Icarus was a Cross Dresser.
Yes, a random statement but let me explain.
Icarus set himself the goal of flying like a bird and, as the story goes, was able to achieve that dressed in a suit of feathers. He was able to soar with the birds, become one of them if you will, but he then set his aspirations much higher. He wanted to get even closer to the sun. It was an aim which he was unable to achieve without his suit of feathers being scorched. Then he fell back to earth and… well, let’s just say it wasn’t good for our formerly feathered friend.
By now most of you are staring at this and wondering if I’m drunk or on some solvent or maybe I should be on some meds while I write this, but I’m getting there.
There have been mutterings around the closet doors forever about not being presentable or pretty enough or photogenic enough to pass, or even to be on CDH. Now, I’m here to tell you that is BS and explain why.
In our perfect fantasy worlds, we are able to come home from work, shower, slide into fabulous outfits, post wonderful pictures of ourselves, and even go on outings without anyone batting an eyelid in our direction, except maybe to admire our shoes or our fashion style. But I’m sorry, for most of us, that is an unobtainable standard. Those of us who are closeted are destined to struggle in this area. That doesn’t mean it isn’t possible, but its tough. Real tough.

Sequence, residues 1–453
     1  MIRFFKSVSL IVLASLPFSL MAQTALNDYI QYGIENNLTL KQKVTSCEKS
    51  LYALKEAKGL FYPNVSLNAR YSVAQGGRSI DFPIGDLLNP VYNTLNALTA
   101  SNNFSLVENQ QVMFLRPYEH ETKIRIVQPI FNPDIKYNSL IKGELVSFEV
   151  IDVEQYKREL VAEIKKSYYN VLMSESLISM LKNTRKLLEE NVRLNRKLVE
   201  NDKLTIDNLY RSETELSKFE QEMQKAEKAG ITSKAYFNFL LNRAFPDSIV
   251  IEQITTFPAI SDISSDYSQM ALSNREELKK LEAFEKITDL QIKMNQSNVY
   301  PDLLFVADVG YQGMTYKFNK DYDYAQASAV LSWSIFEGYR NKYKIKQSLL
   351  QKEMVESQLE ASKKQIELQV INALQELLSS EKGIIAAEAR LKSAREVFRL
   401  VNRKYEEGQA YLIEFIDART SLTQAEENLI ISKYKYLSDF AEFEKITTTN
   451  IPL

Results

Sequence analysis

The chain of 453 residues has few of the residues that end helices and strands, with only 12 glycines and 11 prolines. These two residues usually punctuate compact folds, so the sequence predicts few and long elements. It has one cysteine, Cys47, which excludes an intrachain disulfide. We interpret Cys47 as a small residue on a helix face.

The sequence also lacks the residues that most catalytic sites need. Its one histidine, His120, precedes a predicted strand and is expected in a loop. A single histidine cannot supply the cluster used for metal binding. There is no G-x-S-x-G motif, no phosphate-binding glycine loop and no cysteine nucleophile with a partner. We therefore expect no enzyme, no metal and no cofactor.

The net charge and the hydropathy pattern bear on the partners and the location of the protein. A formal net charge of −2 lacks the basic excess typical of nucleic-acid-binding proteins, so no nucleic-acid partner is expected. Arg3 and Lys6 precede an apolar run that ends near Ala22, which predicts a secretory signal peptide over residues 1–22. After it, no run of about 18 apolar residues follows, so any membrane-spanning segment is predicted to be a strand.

Firstly, we can’t commit fully to feminizing without triggering off questions from our workmates and family. Shaved bodies and plucked eyebrows will probably get noticed by most women and some men too. A skin care regime will make the wife notice at least and, if she doesn’t know, trigger her into wondering what’s going on (but that’s a whole different article). Sure we can talk about aging and the sun ruining our skin or we are cycling so need to shave our legs but those excuses only work for some.
Secondly, if you are new to this whole “dressing up thing”, your wardrobe will be limited to what you can cobble together. So, putting together a perfect ensemble suitable for the catwalks of Milan, let alone Walmart, will be difficult. And then we have the makeup fiasco…. Oh dear God help!!!! How many of us have watched the videos online and thought, “piece of cake”? But when we are finished, it’s not a beautiful lady with delicate features and highlights looking back at us but rather someone resembling a raccoon after a 3-day booze bender with a few brawls thrown in for good measure that is staring back. I put my hand up for this being my signature look if I try to go for the sophisticated, night-out, smoky-eyed, feminine appearance….sigh.
Thirdly and maybe the most difficult is that we are dealing with the bone structure and musculature of men. Sorry, but some of us are doomed not to be delicate flowers. Of course, we can try diet and exercise that will shrink us a bit but if you are 6’5” and have shoulders of a linebacker then that little black dress with killer 5-inch stilettos might never be the best look.